History of Art and Architecture

Identity Constellation Colloquium

Wednesday, October 19, 2016 - 12:00pm

202 Frick Fine Arts Building

CHUTZ-POW! The Heroism and History of Holocaust Survival”

Identity Constellation in conjunction with: Wayne Wise and Marcel (M.L.) Walker

In the fall of 2013 the Holocaust Center of Pittsburgh, in conjunction with local comics museum, the ToonSeum, collaborated on a comic book series entitled Chutz-Pow! Superheroes of the Holocaust. The book, currently in its second issue, honors Holocaust survivors, resistance fighters, and liberators by recasting them as Upstanders, or upstanding individuals who take action to help others. Aligning the tropes of the fictional superhero with that of an UpStander, Chutz-Pow! transforms the traditional solemn model of Holocaust education into celebratory accounts of real-life heroism. Chutz-Pow! comprises short biographical stories of local Holocaust survivors written by author Wayne Wise and illustrated by artist M.L. Walker. In consultation with the Holocaust Center, Wise and Walker reconstructed biographical episodes in the lives of UpStanders using source material from survivors’ autobiographies, oral histories, interviews, and photographs. The Identity Constellation invites Wise and Walker to discuss the development of the project and their approach to art and biography in Chutz-Pow! Superheroes of the Holocaust.

Freelance author Wayne Wise wrote the scripts for Chutz-Pow! Superheroes of the Holocaust in consultation with the Holocaust Center of Pittsburgh. Prior to his work on Chutz-Pow!, Wise co-created the Xeric Award-winning comic Grey Legacy, worked as an inker for Malibu Graphics, and published four novels. Wise teaches courses on the history of comics and pop culture at Chatham University and serves, along with artist M.L. Walker, as an Executive Board Member for the ToonSeum.  www.wayne-wise.com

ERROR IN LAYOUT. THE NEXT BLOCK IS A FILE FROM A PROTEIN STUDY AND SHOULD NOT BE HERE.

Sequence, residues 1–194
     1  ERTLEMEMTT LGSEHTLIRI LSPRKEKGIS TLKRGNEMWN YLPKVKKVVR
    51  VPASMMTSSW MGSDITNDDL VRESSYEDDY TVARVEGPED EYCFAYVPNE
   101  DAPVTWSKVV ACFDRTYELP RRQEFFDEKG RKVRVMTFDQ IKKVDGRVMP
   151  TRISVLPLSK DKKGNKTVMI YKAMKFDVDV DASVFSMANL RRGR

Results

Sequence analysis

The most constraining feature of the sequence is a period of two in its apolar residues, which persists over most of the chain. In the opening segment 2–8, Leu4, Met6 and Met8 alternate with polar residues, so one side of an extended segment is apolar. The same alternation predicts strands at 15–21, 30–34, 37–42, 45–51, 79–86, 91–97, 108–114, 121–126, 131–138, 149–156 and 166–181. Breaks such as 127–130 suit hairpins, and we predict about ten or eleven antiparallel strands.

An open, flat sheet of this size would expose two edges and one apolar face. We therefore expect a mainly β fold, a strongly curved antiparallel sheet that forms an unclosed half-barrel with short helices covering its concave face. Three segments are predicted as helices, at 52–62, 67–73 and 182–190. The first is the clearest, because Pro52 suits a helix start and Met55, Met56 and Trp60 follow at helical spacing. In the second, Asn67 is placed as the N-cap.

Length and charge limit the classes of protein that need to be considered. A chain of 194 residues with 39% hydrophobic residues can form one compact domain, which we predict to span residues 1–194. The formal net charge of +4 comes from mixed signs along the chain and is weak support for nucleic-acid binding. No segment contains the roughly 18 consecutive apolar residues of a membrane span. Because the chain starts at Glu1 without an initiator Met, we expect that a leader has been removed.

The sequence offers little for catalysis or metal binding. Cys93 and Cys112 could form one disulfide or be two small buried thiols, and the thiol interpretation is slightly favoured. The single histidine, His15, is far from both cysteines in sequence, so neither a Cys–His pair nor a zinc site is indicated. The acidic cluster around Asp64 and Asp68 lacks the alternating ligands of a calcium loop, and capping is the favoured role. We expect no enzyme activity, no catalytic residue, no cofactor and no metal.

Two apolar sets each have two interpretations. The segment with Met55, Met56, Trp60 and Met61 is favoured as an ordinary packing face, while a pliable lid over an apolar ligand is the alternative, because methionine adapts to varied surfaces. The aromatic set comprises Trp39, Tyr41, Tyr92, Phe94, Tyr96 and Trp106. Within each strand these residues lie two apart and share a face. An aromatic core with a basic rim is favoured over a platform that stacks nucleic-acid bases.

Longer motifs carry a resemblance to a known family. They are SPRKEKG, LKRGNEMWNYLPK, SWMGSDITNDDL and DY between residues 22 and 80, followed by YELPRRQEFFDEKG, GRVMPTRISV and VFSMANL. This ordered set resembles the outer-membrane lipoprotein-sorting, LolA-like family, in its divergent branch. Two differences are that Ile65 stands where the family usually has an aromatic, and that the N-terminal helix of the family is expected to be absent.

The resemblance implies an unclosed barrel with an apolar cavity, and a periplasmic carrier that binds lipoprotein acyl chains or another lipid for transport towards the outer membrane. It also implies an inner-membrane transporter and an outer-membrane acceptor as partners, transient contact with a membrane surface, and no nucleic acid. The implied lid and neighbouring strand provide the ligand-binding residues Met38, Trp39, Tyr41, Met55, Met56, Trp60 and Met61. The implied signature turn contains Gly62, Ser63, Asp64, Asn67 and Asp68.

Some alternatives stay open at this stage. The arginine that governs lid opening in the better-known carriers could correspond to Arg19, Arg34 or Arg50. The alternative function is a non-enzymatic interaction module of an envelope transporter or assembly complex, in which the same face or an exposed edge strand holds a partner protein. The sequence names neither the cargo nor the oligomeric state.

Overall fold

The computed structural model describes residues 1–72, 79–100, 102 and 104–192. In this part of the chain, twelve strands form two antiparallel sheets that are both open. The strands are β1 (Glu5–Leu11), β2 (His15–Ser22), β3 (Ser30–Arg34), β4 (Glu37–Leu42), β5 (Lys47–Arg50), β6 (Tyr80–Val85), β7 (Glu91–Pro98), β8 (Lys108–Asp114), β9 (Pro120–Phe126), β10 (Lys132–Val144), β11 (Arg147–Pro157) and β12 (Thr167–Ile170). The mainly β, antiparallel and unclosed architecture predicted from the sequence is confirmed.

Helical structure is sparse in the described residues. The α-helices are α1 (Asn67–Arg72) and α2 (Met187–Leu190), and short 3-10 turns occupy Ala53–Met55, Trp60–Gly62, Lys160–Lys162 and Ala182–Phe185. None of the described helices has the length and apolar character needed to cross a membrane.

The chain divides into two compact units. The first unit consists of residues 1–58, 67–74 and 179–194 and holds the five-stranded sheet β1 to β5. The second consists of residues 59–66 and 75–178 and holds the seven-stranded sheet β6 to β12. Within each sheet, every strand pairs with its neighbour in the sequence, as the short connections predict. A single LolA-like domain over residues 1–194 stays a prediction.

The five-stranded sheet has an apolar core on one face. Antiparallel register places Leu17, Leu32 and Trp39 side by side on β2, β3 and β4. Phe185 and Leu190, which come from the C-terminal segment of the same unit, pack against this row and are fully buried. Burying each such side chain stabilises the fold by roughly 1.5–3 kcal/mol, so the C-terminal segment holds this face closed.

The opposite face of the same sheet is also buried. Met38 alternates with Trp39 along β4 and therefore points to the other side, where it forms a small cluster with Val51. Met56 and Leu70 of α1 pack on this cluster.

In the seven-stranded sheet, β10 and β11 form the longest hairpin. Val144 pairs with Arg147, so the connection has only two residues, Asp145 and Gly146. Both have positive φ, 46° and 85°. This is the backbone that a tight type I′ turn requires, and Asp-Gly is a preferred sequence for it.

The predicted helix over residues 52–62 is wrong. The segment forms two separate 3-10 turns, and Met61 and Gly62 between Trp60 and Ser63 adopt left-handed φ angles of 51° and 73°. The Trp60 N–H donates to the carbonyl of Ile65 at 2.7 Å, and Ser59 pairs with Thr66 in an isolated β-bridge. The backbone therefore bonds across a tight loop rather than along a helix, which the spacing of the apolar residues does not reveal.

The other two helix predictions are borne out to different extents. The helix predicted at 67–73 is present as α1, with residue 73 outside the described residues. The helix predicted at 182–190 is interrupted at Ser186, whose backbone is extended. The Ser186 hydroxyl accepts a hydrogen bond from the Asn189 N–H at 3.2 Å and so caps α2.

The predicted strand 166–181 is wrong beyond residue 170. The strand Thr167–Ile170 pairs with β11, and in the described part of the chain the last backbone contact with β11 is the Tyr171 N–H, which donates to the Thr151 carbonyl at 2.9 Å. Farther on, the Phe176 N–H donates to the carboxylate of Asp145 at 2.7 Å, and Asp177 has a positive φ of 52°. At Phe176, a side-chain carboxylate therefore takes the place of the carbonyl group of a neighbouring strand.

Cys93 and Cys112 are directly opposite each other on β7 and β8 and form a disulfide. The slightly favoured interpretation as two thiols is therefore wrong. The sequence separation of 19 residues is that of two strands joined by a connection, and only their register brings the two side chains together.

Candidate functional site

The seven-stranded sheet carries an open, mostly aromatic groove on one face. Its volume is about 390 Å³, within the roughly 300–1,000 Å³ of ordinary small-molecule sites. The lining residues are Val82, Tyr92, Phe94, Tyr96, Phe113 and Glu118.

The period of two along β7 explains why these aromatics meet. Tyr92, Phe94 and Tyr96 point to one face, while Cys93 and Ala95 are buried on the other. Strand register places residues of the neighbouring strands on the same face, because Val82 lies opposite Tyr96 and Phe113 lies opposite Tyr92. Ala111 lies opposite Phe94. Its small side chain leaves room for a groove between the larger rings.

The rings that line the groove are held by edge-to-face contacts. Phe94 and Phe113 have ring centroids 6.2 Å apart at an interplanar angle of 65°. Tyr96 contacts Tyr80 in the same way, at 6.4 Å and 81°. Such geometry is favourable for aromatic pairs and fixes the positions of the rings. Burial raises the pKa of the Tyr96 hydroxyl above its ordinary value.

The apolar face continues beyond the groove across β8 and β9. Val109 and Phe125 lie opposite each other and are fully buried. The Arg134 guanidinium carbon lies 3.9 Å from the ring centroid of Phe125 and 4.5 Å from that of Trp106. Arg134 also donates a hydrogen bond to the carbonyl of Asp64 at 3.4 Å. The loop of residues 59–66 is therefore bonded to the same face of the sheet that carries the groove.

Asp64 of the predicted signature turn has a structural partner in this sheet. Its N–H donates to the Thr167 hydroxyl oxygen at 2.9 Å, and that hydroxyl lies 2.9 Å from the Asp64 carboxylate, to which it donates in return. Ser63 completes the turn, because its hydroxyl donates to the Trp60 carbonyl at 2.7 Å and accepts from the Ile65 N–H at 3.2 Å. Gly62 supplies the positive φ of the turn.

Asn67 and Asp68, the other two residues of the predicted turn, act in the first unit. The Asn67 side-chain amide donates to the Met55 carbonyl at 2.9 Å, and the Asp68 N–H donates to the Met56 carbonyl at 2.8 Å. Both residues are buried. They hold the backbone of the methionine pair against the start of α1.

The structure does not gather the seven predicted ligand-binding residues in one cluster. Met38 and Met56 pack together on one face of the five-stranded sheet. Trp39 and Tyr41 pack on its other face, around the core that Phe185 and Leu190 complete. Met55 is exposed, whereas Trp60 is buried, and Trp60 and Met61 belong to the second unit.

Art Institute of Pittsburgh alum Marcel (M.L.) Walker has provided cover and story artwork for both volumes of Chutz-Pow! Superheroes of the Holocaust. Walker works primarily as an illustrator and graphic prose instructor. He was first introduced to the Pitt History of Art and Architecture department through the “Exposure: Black Voices in the Arts” exhibition held in the University Art Gallery last fall. In the Spring of 2016, Walker became the recipient of an award from the Advancing Black Arts in Pittsburgh Fund, made possible by the Pittsburgh Foundation and the Heinz Endowments, as well as an Artists Opportunity Grant from the Greater Pittsburgh Arts Council. His first single-artist show, “To Tell the Troof: The Art of Marcel Lamont Walker,” closed at Most Wanted Fine Art Gallery last month. www.marcelwalker.com